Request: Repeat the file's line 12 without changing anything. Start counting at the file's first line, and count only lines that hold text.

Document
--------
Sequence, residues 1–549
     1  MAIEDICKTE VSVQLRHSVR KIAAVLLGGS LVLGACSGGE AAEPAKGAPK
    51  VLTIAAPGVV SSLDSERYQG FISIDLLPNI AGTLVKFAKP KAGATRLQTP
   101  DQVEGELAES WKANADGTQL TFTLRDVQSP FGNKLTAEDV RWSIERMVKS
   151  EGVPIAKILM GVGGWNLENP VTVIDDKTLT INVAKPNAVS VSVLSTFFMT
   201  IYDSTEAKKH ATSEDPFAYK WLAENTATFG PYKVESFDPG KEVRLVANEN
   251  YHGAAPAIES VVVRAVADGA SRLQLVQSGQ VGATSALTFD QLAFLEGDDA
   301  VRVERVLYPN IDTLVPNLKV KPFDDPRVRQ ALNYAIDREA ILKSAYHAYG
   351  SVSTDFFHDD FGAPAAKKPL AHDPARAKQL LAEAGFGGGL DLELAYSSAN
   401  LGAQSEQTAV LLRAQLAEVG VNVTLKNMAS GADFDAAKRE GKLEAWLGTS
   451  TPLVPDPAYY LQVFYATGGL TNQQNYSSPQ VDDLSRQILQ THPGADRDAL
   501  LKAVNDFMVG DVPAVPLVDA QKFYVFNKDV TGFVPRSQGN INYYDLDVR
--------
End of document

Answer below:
   501  LKAVNDFMVG DVPAVPLVDA QKFYVFNKDV TGFVPRSQGN INYYDLDVR